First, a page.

In today's society, it seems more and more easy to offend someone, somewhere, no matter what you do or say. Don't believe me? Try putting an amusing, but somewhat liberal comment on Facebook--okay, it was amusing to me, and probably more than a little liberal--you will get comments ranging from "I am surprised at your comment" to "How could you possibly say something like this??!!" The answer, of course, is that it seemed obvious to me that this is my space, and I can put whatever I darn well please on it. Unfortunately, not always the case.

So I had to think long and hard about using a pen name, for several reasons. I finally chose not to do it, because I love my own name, and I'm proud that I wrote a novel (not everyone can do it, folks) that actually got published, and not just once, but twice! (another one finished and coming out soon, hopefully) Also, there was probably no way in hell I could ever have decided on a name. Now, however, I have to worry a little bit about the fallout. In this age of Facebook and Twitter, everybody knows your business, after all. But for now, I am blissfully basking in the idea of my name actually being on the cover of a book! My name--my real name!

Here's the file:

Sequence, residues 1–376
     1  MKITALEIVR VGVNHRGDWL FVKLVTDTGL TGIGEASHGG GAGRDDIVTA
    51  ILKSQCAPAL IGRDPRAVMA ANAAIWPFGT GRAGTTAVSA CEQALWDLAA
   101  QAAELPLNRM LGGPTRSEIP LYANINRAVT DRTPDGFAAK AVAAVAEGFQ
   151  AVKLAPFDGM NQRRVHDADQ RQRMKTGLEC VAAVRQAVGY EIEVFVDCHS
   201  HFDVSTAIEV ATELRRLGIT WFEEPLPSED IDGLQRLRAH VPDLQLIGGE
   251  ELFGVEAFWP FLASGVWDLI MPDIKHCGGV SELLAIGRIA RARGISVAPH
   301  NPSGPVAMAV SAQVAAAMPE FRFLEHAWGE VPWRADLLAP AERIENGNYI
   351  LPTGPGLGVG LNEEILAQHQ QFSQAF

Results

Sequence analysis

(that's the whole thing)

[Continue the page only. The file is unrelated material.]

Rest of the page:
What do you think? Have you chosen to use a pen name for fear of fallout and retribution? Or just wanting the privacy? Shakespeare said "a rose by any other name would smell as sweet."
Do you agree?


  1. Very good post! My 2 yr old calls my mom Gammy. With my son, we picked his name 11 years ago and kept it. We were watching The Jack Bull with John Cusack and his on-screen son was named Cage. Love it, never thought more about it. And it fits. BTW, I picked a pen name, but my DH wanted me to use my real name so everyone knew I wrote the book! How sweet:)

  2. I have two pen names, because I write two different genres. 'Molly Daniels' is because I have readers as young as 12, and 'Kenzie Michaels' for my more adult content.

    My reasoning at the time was my real last name is hard to pronounce, and back when I was choosing a pen name, I wanted it 'if the book was a bomb, then no one would know it was MINE', hahaha....

    I'm not a grandma, but I do have 'honorary' grandchildren, who call me 'Aunt Molly' or even 'Aunt Mommy'. And my oldest son's BFF calls me 'Mom'; her sister calls me 'Aunt Molly', and so when the baby came along last year, we joked I was now 'Aunt Grandma':) And with my oldest being 19, I hope I still have several years before I'm officially called 'Grandma'!